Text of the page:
Myths & “Everybody Knows” in historical Native America


Hope you all had a terrific Memorial Day.  It was a wonderful day off .  Hope you all enjoyed it tremendously.  And since it was a day for remembering the past, I thought I’d post a little bit on common myths and those things that “everybody knows” about Native America…  Are some of the ideas we have correct?  I’ll leave it up to you.  Read on…

Interestingly, when we think of early America, many of us might tend to think of it as a lawless land.  I know that there were certainly gunfighters and outlaws and such.  Stories of the West are filled with these characters.  But there were probably — by far and large — many people who lived their lives in safety and security.  One of the things that I love about writing Indian romance is that I often find favorite myths and ideas in conflict with what really happened.  So I thought I’d mention a few tidbits of law and order that I’ve learned over the years.

Probably the first myth to break is the idea that the land and the people were savage and given to satisfying their lusts.  George Catlin writes of traveling the West alone, with only his pony as his companion.  He traveled in this way for many weeks and not once was he molested by Indians, buffalo, bears or wolves or coyotes.  He draws many pictures of his adventures, to be sure and one can really sense the power of the land…that it healed the spirit instead of the opposite.

George Catlin also writes of traveling through Indian country, living with the Indians, painting their pictures and being at their mercy.  He writes quite eloquently about the fact that not once was he molested, nor had any item stolen from him, though the opportunity to do so was always there.  In fact, he writes of a particular young man who found a book of Catlin’s and, in the style of the land and people, the lad waited until Catlin was leaving to give the book back to him.  Not because he wanted to keep it, but to give it to Catlin as he was leaving would have prevented Catlin from returning the favor.  The young man wanted it plain that his was a strong heart and that Catlin need not return the favor.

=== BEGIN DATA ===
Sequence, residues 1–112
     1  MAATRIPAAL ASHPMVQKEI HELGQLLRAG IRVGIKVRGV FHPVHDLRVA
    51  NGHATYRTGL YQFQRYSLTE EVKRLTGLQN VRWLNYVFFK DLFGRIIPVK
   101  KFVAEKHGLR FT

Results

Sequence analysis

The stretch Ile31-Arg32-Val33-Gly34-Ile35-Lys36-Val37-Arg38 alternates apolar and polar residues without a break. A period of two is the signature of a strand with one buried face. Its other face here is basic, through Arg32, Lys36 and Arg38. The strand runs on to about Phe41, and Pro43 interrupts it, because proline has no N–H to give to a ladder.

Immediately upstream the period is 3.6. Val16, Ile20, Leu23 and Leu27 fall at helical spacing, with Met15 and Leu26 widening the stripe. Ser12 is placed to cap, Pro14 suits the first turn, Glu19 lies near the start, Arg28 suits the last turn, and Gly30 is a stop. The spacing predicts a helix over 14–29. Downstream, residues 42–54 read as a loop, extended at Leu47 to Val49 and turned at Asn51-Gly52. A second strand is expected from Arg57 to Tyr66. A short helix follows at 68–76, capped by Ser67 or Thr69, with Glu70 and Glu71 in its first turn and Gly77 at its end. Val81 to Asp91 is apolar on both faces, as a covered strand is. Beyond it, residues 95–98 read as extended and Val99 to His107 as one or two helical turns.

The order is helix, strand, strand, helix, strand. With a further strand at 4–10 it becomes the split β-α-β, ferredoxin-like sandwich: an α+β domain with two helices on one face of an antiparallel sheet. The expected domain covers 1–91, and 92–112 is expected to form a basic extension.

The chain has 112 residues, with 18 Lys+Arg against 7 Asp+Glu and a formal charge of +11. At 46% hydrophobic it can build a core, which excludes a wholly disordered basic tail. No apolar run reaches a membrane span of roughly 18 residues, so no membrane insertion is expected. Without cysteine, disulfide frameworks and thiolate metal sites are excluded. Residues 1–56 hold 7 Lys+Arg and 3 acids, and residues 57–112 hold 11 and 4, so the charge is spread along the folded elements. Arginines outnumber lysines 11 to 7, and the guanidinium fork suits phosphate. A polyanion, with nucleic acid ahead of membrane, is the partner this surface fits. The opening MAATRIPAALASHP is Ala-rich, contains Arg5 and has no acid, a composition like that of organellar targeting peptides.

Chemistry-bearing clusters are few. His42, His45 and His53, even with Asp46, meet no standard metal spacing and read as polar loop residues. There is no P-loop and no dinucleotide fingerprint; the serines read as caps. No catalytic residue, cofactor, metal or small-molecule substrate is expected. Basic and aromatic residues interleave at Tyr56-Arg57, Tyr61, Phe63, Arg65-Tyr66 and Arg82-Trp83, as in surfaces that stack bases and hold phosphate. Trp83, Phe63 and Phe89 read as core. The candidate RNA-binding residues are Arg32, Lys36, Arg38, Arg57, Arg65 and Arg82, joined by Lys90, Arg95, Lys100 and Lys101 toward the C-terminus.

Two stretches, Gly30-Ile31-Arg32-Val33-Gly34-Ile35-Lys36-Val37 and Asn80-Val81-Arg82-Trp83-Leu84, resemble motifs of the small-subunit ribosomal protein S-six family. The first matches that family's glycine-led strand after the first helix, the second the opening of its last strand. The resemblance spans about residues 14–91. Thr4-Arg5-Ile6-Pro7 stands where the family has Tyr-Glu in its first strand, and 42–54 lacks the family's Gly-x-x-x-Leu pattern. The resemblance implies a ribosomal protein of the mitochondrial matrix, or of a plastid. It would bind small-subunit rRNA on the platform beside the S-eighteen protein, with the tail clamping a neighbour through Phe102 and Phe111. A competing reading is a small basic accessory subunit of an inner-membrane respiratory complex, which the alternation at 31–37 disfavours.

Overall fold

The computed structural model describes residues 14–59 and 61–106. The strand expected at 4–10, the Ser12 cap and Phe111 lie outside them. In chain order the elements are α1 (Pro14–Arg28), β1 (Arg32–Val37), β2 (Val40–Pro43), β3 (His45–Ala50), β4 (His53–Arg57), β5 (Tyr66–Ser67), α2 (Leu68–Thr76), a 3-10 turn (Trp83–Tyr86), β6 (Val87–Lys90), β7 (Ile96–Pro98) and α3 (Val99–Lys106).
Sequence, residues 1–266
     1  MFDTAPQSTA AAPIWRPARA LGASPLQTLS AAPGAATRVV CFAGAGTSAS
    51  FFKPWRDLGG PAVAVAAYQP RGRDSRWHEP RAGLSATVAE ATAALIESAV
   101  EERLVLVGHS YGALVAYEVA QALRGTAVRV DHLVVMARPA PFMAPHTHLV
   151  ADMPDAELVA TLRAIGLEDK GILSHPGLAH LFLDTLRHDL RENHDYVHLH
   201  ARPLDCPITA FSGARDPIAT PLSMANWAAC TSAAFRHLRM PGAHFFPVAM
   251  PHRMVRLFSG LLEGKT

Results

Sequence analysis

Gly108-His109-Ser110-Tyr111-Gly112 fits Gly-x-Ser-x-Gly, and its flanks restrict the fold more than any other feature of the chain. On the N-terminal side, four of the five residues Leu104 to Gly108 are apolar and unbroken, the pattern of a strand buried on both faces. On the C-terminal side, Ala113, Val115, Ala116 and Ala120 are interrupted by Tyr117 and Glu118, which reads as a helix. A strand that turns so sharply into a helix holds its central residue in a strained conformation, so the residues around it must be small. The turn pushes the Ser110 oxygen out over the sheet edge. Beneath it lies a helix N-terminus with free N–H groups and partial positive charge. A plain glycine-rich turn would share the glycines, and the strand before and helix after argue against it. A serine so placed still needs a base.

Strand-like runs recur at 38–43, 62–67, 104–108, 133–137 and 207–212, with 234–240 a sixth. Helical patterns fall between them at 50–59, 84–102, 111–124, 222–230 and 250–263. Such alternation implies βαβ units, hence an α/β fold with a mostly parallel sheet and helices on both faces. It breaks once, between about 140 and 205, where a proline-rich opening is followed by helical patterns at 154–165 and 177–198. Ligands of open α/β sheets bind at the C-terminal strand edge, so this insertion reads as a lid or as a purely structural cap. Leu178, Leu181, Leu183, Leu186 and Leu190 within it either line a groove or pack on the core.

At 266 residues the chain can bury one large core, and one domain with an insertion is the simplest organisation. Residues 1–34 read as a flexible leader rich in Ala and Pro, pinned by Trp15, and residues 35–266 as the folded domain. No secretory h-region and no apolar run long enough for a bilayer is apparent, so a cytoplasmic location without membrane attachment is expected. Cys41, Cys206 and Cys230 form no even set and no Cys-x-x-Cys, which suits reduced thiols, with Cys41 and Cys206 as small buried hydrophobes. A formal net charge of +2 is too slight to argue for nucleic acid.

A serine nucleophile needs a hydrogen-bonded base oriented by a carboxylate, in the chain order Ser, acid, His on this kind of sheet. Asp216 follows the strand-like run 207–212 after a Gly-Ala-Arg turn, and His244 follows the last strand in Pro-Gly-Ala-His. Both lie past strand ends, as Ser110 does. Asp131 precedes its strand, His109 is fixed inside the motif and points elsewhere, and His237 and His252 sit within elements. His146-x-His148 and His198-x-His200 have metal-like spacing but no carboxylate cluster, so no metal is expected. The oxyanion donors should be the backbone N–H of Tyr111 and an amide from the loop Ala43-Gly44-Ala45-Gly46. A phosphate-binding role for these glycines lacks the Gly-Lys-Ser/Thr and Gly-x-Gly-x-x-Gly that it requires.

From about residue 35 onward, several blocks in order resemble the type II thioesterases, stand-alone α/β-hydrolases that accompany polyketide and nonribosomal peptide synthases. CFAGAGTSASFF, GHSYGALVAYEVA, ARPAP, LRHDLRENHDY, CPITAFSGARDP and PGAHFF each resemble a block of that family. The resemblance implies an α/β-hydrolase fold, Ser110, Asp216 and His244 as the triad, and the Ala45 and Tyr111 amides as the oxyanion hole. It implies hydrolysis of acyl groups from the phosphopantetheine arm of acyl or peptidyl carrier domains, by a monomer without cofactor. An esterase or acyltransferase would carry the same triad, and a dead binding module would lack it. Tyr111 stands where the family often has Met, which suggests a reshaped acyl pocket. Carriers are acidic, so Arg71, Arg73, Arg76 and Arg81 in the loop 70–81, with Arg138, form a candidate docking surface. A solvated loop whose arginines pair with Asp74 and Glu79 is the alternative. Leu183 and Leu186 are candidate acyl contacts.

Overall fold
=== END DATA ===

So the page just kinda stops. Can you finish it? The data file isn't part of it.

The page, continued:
Sometimes I think of Native America as a series of small towns, scattered all over America.  Because hunting and warring was the profession of most men, their villages were kept small.  Mostly family.

Only in the summer, spring, or late fall months would the entire tribe meet, giving lovers a chance to meet and others the opportunity to renew acquaintance.

Honesty, integrity and fortitude were valued above many other things.  In fact, in some tribes a liar was put to death.  (It would have been a sad state of affairs for most politicans in our modern society to have lived then – I think Bob Hope put it best when he said  — in a movie — that he was a politican and that the profession came naturally to him, since he was from a long line of liars.)  Sigh…

There were no jails in Native America.  I remember reading a book called Buckskin Brigades by L. Ron Hubbard, where the hero (who is a blond-haired Indian) was put into jail in one of the traders outposts.  It was such an unnatural state for our hero, that he could little understand it.

On the plains, if one had a grievance with another, it was up to him to make it right.  If one member of a tribe killed another member of the tribe, he was often forced to leave, which was often a sentence of death.  In some cases amongst the Lakota, the murderer — through agreement with both families — took the place of the person who was murderered.  And often these people became the very best members of the family.  Revenge was considered a duty — and it was the law of the land.  If one were wronged severely (and it had to be severe), it was considered the duty of one of the male members of the family to seek revenge.  Sometimes this worked out okay, but sometimes not.